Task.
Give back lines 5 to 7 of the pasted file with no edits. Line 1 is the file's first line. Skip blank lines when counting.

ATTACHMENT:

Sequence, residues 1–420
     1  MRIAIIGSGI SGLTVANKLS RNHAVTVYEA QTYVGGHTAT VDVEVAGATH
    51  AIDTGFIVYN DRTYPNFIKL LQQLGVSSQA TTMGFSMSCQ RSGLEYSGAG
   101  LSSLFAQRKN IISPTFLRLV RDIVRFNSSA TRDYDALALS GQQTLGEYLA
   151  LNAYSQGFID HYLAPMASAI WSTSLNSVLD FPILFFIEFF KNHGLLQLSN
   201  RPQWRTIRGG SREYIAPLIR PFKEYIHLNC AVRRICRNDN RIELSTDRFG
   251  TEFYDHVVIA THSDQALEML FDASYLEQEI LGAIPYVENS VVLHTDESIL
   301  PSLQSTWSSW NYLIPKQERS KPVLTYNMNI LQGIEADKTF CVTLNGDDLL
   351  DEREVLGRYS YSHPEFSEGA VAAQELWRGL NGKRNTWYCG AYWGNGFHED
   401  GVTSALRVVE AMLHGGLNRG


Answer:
   151  LNAYSQGFID HYLAPMASAI WSTSLNSVLD FPILFFIEFF KNHGLLQLSN
   201  RPQWRTIRGG SREYIAPLIR PFKEYIHLNC AVRRICRNDN RIELSTDRFG
   251  TEFYDHVVIA THSDQALEML FDASYLEQEI LGAIPYVENS VVLHTDESIL